• Develop acquisition programs in ways that can leverage partnerships with land trusts while complying with different funding programs: Most acquisition and buyout programs will leverage different federal funding programs (e.g., Hazard Mitigation grants from the Federal Emergency Management Agency (FEMA) and the U.S. Department of Housing and Urban Development’s Community Development Block Grant–Disaster Recovery grant program). Both state and local governments administering disaster recovery and other funding programs must ensure that different funding sources can be leveraged to support different aspects of a project (buyout, relocation incentives, development of receiving communities, restoration of buyout sites, etc.) and that funds and the conditions of the funding sources can be passed along to land trust partners to implement different aspects of the project. For example, sites bought out with FEMA funding must be preserved in perpetuity as undeveloped open space. Land trusts acquiring properties with FEMA funding must have the capacity and financial resources to enforce deed restrictions on the acquired properties and to restore and maintain the sites as environmentally beneficial open space in perpetuity. Additionally, bonds, environmental grants, and other programs should be considered and aligned as potential sources of funding to restore and maintain bought-out sites, to maximize the environmental and flood risk reduction benefits delivered by buyout projects. Finally, state and local governments may also need to incorporate buyouts and resettlement projects into plans that govern the use of disaster aid (e.g., hazard mitigation plans) and community development (e.g., local comprehensive plans) so that these types of partnerships can be activated quickly in the aftermath of a disaster when significant federal aid becomes available to help communities recover and rebuild. 
  • Seek state legislation to enable public-private partnerships with land trusts: Many states have adopted enabling legislation to specifically authorize the formation of nonprofit land trusts and even government-led land trusts. These types of enabling statutes are useful because they clarify the structure and operation of land trusts, allow for the dedication of conservation easements to preserve land in perpetuity for natural and open space uses, and allow preferential tax assessments to encourage the conservation of open space lands. Policymakers should evaluate state laws to determine the types of roles that land trusts can play in managed retreat initiatives and the adequacy of incentives, like tax incentives, to enable land trusts to play these roles. Additionally, states should review legislation establishing various state funding programs to ensure that land trusts are eligible grant recipients under programs that could support buyouts, restoration, redevelopment, community engagement, planning, and other activities that will be required to implement comprehensive managed retreat projects. For example, in South Carolina, the state legislature is considering a bill that would create a Resilience Revolving Fund to facilitate floodplain buyouts and restoration of natural floodplains and the program specifically includes land trusts as eligible recipients of funding under this program.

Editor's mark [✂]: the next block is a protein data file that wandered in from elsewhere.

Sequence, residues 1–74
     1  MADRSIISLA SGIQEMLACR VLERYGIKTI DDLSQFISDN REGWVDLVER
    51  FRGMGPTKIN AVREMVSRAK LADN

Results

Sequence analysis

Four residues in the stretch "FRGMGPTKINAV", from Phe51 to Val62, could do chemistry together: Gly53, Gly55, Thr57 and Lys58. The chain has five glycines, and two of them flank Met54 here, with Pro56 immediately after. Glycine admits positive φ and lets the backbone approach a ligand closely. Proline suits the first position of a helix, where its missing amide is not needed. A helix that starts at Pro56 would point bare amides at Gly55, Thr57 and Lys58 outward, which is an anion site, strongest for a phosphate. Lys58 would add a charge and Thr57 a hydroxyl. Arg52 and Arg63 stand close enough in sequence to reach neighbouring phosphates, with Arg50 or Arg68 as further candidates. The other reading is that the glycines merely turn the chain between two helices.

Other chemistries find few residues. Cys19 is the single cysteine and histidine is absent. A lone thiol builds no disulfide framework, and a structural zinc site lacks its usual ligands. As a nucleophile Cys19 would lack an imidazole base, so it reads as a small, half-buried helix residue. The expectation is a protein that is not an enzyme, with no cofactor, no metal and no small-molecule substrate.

• Provide start-up funding and technical assistance: Governments can provide funding and technical assistance to help start-up and build the capacity of land trusts to support state and local resilience efforts, including managed retreat initiatives. Most conservation land trusts were formed to conserve pristine natural landscapes and may not have the technical know-how to navigate disaster recovery programs and facilitate floodplain buyouts. To enable land trusts to play these types of roles, state and local governments can provide start-up funding and training to help land trusts develop the capacities needed to engage with disaster recovery programs, develop legal agreements needed to comply with program requirements, develop the skills and capacities to engaged disaster-affected residents, among other skills and expertise needed to support managed retreat initiatives. This type of start-up support has proven instrumental in the affordable housing context, where cities — like the City of Irvine in California — have supported the establishment of community land trusts to build and maintain permanently affordable housing.